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View Diary: Big Trouble In Arkansas w/Update (246 comments)

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  •  I'll have to argue with you here (0+ / 0-)

    Projected operating temperatures are ~700 C to keep the fuel molten--IIRC the salts melt at various points near 400 C and boil around 1400 C.

    Secondary loop would not be steam at those temperatures. One idea I've seen floated is helium running a triple-reheat closed-cycle turbine at 700 C, with an electrical conversion efficiency 50-100% higher than the steam cycle due to the higher temperature. Helium isn't easy to keep confined, but it doesn't become radioactive under neutron bombardment & isn't hazardous unless you try to breathe it without enough oxygen in the mix.*

    You should note that the MSR would not use sodium in any form. Liquid sodium was "tried in the 60s" as a working fluid for very high temperature plutonium breeder reactors; the stuff is so reactive (particularly with water) it's no wonder it was "a disaster." The MSR uses fluorides of actinides (uranium, thorium, plutonium) in solution with lithium & beryllium fluorides. The strong ionic bonds in these compounds make them extremely stable.

    I'm particularly fascinated by the possibilities of the liquid fluoride thorium reactor (LFTR) which would "burn" U-233 bred from thorium within the reactor itself & could be tweaked to gobble LWR waste. Here's a reasonably brief overview of the LFTR--you might find it interesting.

    *Note: the helium turbine is unproven technology, but it could be researched independent of the reactor, as could the reprocessing technologies that have been proposed. Considering the promise of the technology, I think a modest budget to investigate both would be money well spent.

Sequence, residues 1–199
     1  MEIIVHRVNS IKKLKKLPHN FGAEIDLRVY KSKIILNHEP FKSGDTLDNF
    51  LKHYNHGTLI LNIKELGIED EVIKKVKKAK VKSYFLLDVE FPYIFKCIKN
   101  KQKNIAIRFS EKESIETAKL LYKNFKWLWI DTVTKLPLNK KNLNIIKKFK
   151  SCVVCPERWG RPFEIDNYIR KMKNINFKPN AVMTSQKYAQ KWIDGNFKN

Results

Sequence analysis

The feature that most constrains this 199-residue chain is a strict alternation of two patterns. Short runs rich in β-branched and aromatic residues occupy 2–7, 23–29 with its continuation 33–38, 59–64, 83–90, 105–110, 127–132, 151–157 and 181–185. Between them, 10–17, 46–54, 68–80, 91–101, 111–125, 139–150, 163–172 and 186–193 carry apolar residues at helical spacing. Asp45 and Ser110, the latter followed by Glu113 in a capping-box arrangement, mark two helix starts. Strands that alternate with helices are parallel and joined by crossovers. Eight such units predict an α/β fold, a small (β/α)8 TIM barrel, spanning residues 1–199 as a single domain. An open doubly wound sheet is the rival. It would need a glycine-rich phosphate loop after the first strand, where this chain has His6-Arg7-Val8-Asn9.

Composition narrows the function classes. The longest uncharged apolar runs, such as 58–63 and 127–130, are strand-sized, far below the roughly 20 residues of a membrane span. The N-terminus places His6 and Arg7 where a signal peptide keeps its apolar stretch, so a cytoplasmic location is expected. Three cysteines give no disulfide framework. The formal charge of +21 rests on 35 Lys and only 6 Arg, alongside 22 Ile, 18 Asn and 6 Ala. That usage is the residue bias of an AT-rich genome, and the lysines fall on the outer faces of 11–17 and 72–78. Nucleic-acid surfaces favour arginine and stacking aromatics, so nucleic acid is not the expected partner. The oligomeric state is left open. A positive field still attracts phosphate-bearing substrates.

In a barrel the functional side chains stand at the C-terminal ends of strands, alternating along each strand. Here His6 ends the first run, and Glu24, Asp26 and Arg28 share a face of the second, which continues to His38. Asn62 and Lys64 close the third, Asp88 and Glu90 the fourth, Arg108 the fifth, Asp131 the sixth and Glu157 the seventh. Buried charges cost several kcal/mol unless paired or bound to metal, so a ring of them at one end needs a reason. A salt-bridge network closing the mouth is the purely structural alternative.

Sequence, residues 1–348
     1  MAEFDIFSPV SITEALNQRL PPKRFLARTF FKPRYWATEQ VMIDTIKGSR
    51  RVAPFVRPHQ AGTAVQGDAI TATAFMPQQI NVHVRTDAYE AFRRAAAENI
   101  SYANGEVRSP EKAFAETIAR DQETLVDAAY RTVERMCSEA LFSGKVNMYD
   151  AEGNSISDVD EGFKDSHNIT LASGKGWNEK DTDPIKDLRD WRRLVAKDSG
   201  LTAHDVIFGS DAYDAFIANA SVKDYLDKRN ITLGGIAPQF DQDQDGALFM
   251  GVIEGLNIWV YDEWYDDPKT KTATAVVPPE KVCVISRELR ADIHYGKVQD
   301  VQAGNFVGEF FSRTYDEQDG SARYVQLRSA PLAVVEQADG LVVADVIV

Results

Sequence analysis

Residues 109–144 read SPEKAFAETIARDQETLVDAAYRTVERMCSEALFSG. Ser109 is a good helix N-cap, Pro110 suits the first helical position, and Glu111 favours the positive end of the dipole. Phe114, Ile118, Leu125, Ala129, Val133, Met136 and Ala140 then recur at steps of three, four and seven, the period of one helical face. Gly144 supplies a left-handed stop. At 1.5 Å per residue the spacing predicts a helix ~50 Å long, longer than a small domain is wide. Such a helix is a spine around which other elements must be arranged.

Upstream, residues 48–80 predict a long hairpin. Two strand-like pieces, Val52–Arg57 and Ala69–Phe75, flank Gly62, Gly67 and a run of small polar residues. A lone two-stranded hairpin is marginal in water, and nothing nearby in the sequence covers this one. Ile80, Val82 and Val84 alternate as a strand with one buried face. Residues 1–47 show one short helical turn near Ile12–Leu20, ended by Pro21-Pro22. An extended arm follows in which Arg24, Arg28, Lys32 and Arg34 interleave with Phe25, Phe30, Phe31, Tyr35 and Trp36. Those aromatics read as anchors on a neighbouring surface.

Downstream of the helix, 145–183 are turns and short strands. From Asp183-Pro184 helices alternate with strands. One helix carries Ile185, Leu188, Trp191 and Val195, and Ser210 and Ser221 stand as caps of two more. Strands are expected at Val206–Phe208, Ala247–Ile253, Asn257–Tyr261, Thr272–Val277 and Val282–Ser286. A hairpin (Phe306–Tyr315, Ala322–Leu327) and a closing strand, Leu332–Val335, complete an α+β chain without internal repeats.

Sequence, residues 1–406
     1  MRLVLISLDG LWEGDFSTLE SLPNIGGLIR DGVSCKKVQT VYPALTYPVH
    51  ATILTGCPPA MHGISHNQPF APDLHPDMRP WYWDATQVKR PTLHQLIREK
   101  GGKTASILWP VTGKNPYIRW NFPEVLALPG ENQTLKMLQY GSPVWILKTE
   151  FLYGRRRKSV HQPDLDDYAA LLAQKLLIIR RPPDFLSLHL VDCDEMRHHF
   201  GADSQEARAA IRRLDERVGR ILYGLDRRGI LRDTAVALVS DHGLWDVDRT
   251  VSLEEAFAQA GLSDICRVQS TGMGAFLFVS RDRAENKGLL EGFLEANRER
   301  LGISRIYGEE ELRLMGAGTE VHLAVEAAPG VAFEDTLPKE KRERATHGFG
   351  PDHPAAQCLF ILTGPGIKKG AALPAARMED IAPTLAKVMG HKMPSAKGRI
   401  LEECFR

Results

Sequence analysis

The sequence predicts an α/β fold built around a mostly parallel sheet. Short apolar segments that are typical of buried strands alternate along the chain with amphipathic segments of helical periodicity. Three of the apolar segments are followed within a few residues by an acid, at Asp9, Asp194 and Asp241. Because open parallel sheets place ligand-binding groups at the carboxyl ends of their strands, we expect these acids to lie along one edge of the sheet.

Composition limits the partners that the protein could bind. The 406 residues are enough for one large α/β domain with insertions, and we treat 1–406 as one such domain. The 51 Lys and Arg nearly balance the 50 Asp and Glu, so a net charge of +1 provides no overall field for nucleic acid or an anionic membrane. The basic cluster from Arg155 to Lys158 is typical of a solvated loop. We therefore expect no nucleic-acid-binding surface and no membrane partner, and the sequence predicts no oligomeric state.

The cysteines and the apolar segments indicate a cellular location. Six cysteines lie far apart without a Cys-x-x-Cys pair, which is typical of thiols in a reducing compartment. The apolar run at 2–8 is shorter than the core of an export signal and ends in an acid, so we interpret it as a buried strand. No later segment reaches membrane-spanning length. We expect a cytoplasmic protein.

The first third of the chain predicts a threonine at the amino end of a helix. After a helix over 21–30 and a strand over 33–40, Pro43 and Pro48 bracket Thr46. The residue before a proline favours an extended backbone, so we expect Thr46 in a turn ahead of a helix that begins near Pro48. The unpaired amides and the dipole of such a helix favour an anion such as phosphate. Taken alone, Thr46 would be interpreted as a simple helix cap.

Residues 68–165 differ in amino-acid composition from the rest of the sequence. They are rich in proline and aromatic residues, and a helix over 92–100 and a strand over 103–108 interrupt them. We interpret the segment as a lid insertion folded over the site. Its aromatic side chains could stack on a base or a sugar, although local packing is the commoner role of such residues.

by Uncle Cosmo on Thu Apr 04, 2013 at 07:47:33 PM PDT

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    •  so say it's running at 800C (0+ / 0-)

      that's more then enough to have a steam explosion from any loose water.  Trust me, when a quake hits a MSR, it will have loose water around.

      Helium won't work, we don't have enough helium production.

      these kinds of plants are going to require us to go to Jupiter for helium :-(

      The SOlar Thermal industry is messing around with Molten salt, it's lots of flouro-silicates and flouro-chlorides,  but, it's heinous stuff.

      •  What part of "the MSR doesn't use water" (0+ / 0-)

        are you having trouble grasping, friend? And as for water from external sources, we do know how to waterproof structures. (Heck, my basement, whose floor is about 5' underground, is so dry I need a humidifier to keep the books I store down there from dry-rotting--in Baltimore on a concrete slab with cinderblock foundations laid in 1937.)

        Re quakes: Best solution here is not to site the reactors near active fault lines or a large body of water (which it doesn't need) & move the power via HVDC lines; but if needs must, you quake-proof the installation. Even with a reprocessing loop a MSR would be much smaller & lighter than a LWR of comparable output & amenable to the sort of quake-proofing that's been done for many years.

        Re helium shortages: (1) "Closed cycle" = "reuse indefinitely". It's only a means of transferring heat to a turbine; it doesn't get used up. (2) A nuclear reactor generates helium as a byproduct of alpha decay (which FTR is the source of practically all terrestrial helium, which shows up in natural gas via long-lived radioactive elements like thorium & uranium). That can be recovered in the reprocessing loop. Not sure how much it is, but it's something. (3) If the Feds stopped selling off the national helium reserve at rock-bottom prices & allowed the market to dictate its cost, natural-gas producers would find it practicable to recover it from their product.

        (Just FTR I know I'm not going to convince you--you'll ignore my arguments & throw one new objection after another at me. I'll keep replying so long as it's fun & I have the time.)


        by Uncle Cosmo on Fri Apr 05, 2013 at 10:48:48 AM PDT

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